Trump Sides With Armed Protesters As Whitmer Bucks The GOP Legislature

TOPSHOT - Protestors try to enter the Michigan House of Representative chamber and are being kept out by the Michigan State Police after the American Patriot Rally organized by Michigan United for Liberty protest for... TOPSHOT - Protestors try to enter the Michigan House of Representative chamber and are being kept out by the Michigan State Police after the American Patriot Rally organized by Michigan United for Liberty protest for the reopening of businesses on the steps of the Michigan State Capitol in Lansing, Michigan on April 30, 2020. - The group is upset with Michigan Gov. Gretchen Whitmer's mandatory closure to curtail Covid-19. (Photo by JEFF KOWALSKY / AFP) (Photo by JEFF KOWALSKY/AFP via Getty Images) MORE LESS
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A tense week in Michigan culminated Thursday with images of angry and armed protesters swarming the state capitol while Republican lawmakers let Governor Gretchen Whitmer’s (D) COVID emergency declaration lapse.

President Donald Trump weighed in Friday morning, taking the side of the protesters who gathered around and, eventually, in the capitol calling from “freedom” from Whitmer’s stay-at-home order. Some of those protesters carried guns into the galleries above where the lawmakers debated.

Trump has appeared to take a particular dislike to Whitmer, saying in March that he had a “big problem” with the “young, a woman governor” and later referring to her as “that woman in Michigan.” He even bestowed on her a nickname: “Gretchen ‘Half’ Whitmer.”

The Republican leaders of the legislature took a position in line with Trump’s. As midnight, the expiration date for Whitmer’s emergency declaration, came and went, they refused to renew it.

Whitmer maintains that she doesn’t need the legislature’s approval to extend the declaration; the legislature says she does. The two sides cite conflicting state laws to support their positions.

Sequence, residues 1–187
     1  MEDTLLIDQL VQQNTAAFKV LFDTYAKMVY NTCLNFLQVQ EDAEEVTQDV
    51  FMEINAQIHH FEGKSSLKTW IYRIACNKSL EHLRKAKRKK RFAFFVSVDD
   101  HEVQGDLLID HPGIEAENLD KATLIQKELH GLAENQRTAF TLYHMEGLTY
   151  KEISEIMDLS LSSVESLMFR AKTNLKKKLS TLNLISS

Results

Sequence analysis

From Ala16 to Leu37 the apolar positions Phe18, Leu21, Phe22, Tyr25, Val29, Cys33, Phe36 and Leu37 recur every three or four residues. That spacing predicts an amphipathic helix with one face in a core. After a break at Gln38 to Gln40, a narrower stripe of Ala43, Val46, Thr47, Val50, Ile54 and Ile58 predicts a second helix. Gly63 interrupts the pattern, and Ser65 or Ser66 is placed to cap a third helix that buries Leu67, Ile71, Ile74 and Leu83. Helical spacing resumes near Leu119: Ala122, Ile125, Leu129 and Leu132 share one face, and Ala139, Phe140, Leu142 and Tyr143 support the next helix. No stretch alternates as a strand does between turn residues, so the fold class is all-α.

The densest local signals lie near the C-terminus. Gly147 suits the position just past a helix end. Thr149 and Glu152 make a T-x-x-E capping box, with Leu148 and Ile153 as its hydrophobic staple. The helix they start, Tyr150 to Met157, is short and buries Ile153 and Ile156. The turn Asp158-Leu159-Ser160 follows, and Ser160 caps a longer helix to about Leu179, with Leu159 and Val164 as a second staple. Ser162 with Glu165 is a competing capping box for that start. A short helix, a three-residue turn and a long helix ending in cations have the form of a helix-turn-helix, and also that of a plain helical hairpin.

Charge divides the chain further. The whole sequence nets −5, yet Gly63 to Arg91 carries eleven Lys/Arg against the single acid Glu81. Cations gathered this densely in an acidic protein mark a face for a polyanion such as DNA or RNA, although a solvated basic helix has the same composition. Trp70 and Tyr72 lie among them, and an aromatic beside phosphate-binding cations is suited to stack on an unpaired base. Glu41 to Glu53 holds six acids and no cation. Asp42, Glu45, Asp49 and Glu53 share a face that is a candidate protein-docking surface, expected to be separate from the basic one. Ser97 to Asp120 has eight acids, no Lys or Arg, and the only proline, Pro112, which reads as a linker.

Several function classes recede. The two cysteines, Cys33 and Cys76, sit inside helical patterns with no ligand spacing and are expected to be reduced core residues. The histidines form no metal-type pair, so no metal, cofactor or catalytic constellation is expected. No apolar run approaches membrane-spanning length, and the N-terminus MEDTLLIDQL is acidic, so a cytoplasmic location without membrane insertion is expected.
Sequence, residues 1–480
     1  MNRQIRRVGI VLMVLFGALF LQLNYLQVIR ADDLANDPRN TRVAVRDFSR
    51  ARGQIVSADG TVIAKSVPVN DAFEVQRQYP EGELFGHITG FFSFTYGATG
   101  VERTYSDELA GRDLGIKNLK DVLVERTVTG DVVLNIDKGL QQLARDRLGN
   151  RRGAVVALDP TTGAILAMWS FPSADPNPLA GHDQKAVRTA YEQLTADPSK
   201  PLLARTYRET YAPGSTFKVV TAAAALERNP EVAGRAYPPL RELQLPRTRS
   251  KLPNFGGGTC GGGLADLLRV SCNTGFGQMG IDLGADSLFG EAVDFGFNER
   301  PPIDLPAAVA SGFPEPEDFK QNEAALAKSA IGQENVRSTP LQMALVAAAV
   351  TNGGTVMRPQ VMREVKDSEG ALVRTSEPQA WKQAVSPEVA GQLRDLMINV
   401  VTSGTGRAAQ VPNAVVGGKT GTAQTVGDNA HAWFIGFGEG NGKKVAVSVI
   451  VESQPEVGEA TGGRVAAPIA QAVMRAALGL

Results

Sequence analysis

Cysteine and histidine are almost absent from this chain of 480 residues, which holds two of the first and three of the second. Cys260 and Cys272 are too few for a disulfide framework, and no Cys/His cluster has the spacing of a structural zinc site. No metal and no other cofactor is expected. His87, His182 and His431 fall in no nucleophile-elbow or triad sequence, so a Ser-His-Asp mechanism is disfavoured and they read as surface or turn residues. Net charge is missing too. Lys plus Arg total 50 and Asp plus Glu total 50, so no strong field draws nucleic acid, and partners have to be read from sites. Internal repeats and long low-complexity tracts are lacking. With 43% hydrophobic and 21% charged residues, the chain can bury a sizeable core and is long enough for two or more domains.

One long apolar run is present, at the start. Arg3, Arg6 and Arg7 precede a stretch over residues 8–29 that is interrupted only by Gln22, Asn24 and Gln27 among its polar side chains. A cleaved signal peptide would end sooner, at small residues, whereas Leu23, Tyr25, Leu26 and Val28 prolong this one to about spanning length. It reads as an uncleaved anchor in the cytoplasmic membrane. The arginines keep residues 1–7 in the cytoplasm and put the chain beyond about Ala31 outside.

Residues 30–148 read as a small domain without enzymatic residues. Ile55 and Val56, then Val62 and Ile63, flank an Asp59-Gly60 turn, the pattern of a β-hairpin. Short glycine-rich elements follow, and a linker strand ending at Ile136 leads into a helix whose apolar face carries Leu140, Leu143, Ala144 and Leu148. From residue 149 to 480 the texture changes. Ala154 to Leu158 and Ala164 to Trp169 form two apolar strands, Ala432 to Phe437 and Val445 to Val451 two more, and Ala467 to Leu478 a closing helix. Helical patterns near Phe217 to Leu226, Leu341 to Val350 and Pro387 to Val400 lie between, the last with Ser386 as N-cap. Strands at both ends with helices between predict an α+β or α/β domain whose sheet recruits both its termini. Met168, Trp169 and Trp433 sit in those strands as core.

Senate Majority Leader Mike Shirkey (R) promised legal action during his Thursday night floor speech, should Whitmer press on unilaterally.

“The Senate will also authorize filing a lawsuit against the Governor,” he said. “If she does not recognize the end of the emergency declaration, we have no other choice but to act for our constituents.”

He also referenced a compromise rejected by the governor, an allusion to one of the most dramatic moments of the past week’s quarrels. On Wednesday, Whitmer’s office leaked emails with Shirkey’s aides in which his chief of staff tried to barter a one- or two-week extension of the emergency declaration in exchange for Whitmer’s public promise that she will go through the legislature, and not executive order, with future stay-at-home orders. Whitmer turned down the offer, asserting that the emergency declaration will endure whether Republicans like it or not.

In a biting statement and trio of executive orders released after the Republicans’ inaction Thursday night, Whitmer ignored Shirkey’s warnings of legal action and pressed ahead with another executive order to extend the emergency declaration through May 28.

“While some members of the legislature might believe this crisis is over, common sense and all of the scientific data tells us we’re not out of the woods yet,” she said. “By refusing to extend the emergency and disaster declaration, Republican lawmakers are putting their heads in the sand and putting more lives and livelihoods at risk. I’m not going to let that happen.”

With the trifecta of orders, Whitmer ended the current state of emergency, then issued two new emergency declarations, one under each of the conflicting state laws governing her emergency powers.

The double-team emergency orders seem to be an attempt to cover her bases. She declared the first under the Emergency Powers of the Governor Act of 1945, which gives the governor broad powers without any time constraints.

She issued the second under the Emergency Management Act of 1976, which only allots the governor 28 days of authority under a state of emergency before the legislature must approve an extension. Her first order technically ending the current state of emergency seems to be a way to skirt the law’s legislative extension requirement.

It remains to be seen whether such maneuvers will work, if the Republicans do take her to court.

In a response to Trump, or the armed protesters, or the Republican legislature, or maybe all three, Whitmer wordlessly let a spokeswoman do the talking Friday morning.

Correction: This article initially referred to the guns some protesters were holding as machine guns. In reality, they were reported to be assault rifles.

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